We can all thank Evan Funke for finally ridding Angelenos of their reputation as being nothing but a bunch of carb-afraid juice cleansers. Not only did our city rush to embrace the chef’s handmade pastas, bubbly focaccia and blistered-crust pizzas—the country did, too, earning Felix awards hand over fork-clenching fist. Venice’s newbie-turned-mainstay became an L.A. staple almost overnight, and it’s clear to see why: The Bologna-trained Funke keeps Old World technique alive and more delicious as ever with dishes like his now-classic sfincione and the mezze maniche carbonara. We’ll skip the green juice and opt for the impressive amari collection, thanks.
Chef Josef Centeno’s built quite the DTLA restaurant empire, strategically planting four restaurants near in location but not in theme. There’s sandwich shop Bäco Mercat, Tex-Mex haven Bar Amá and the veggie-forward P.Y.T., but the shining gem is his Italian-meets-Japanese den, Orsa & Winston. At first, the small dining space began as a tasting-menu concept—since then, it’s evolved to include à la carte weekday katsu sandos and grain bowls at lunch, and on weekends, one of the city’s most innovative brunches. Where else can you find house-smoked fish plates, masterful matcha and yuzu croissants, donabe pots brimming with nuanced soups, and Centeno’s hyper-creative, genre-bending and always-changing tasting menu?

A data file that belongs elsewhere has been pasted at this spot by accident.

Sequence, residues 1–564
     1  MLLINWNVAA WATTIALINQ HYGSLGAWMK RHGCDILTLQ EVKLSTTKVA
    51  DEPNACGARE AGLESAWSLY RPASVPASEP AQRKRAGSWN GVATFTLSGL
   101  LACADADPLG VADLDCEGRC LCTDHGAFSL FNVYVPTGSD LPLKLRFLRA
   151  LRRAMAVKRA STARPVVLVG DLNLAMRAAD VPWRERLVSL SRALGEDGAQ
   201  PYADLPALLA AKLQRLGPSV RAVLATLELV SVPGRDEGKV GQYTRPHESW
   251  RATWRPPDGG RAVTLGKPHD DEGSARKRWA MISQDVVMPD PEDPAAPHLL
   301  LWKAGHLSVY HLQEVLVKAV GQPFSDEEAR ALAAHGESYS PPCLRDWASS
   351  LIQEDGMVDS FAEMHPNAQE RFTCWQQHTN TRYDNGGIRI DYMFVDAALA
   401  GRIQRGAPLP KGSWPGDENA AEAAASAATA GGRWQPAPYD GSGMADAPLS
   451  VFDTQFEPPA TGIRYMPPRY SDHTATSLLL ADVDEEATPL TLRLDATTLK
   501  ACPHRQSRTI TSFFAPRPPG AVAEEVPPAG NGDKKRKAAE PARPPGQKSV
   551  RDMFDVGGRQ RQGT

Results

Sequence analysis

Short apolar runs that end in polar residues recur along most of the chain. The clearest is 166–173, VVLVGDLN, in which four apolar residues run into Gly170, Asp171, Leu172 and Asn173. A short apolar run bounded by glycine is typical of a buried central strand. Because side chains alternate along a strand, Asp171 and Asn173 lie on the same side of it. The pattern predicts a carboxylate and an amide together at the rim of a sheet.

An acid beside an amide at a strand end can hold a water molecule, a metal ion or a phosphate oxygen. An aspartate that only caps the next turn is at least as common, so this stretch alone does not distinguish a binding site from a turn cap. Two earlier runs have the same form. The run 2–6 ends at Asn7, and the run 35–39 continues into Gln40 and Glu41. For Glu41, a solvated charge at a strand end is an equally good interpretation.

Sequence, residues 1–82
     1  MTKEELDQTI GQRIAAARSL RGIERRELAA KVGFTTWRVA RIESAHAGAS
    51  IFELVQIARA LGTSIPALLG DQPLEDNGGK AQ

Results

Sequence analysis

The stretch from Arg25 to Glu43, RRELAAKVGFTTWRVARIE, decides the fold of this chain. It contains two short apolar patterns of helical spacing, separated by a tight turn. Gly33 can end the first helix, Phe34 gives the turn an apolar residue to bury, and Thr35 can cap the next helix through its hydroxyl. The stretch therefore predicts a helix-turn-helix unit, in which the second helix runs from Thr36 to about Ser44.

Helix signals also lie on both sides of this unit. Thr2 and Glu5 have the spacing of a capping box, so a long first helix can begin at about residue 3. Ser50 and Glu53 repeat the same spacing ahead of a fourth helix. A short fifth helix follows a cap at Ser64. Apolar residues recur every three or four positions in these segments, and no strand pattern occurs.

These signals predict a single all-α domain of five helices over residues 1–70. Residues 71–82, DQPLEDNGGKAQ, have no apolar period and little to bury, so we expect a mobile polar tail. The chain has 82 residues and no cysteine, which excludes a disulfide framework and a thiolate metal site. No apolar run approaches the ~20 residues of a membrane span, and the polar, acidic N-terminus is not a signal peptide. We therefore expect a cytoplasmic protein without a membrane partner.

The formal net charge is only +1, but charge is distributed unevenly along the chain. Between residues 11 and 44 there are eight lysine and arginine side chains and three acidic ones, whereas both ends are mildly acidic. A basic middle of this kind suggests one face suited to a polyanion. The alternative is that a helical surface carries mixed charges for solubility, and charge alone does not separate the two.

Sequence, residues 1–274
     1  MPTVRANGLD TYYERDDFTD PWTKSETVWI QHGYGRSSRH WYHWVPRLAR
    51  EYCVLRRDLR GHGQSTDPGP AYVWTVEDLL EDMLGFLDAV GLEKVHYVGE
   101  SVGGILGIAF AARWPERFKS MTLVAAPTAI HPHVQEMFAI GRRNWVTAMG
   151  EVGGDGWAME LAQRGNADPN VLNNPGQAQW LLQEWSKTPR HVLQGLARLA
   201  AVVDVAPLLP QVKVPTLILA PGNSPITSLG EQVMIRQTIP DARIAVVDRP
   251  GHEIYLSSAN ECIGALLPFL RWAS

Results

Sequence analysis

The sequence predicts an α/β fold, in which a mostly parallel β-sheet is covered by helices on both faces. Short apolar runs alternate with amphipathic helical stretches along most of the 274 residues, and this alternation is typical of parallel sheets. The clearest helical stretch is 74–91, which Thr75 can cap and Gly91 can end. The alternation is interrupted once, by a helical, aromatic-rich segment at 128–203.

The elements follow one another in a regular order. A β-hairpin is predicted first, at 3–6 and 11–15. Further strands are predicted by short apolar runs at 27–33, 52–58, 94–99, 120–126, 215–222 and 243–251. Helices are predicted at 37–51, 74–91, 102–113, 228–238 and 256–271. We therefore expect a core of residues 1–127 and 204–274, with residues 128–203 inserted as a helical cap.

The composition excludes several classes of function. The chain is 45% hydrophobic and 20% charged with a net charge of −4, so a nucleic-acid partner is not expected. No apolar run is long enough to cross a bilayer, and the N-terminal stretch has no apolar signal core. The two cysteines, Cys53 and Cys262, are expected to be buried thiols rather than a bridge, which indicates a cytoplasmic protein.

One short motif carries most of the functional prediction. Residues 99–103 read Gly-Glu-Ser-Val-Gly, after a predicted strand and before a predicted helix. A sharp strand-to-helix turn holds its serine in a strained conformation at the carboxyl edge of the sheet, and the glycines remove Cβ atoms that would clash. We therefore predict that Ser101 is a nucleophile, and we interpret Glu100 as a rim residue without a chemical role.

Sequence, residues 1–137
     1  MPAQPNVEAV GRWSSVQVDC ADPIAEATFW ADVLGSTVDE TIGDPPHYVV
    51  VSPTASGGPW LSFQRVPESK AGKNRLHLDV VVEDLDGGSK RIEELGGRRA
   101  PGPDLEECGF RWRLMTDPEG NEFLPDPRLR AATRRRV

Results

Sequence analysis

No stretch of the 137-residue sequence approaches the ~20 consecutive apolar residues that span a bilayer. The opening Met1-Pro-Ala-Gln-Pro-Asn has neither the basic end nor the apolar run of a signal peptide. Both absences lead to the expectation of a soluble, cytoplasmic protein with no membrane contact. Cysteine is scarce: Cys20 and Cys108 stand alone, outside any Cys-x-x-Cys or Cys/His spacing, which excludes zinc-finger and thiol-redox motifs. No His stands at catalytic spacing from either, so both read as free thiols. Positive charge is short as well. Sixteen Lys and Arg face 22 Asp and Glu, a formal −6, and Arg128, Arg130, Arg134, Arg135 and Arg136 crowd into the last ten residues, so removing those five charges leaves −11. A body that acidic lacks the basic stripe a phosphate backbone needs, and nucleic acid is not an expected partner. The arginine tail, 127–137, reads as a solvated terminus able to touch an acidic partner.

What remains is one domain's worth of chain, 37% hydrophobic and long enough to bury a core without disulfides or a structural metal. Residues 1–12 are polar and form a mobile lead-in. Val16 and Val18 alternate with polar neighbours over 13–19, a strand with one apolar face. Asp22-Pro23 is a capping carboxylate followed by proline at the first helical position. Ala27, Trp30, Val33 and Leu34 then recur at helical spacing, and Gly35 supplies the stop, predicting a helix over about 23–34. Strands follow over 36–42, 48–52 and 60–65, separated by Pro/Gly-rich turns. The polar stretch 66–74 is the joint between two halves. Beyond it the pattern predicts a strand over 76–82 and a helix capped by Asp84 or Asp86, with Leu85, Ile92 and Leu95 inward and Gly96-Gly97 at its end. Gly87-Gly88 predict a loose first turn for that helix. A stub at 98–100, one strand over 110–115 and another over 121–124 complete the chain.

It’s going to be busy, it’s going to be loud and you’re going to want one of everything—these are all necessary perils when dining at Travis Lett’s phenomenal bakery and casual deli-cum-restaurant. Gjusta operates out of a nondescript warehouse, but step inside and you’ll find a narrow corridor with glass cases of sweet and savory treats to the left, and jars upon jars of house-made jams and pickled vegetables to the right. On the pastry side, slices of fruit are folded into sugar-glazed dough for a morning indulgence; on the savory side, a rainbow of sandwiches and salads packed with local produce make for an ideal lunch and the definition of California cooking. You can even pick up cuts of meat and fish to-go, then take your haul for a picnic on the beach.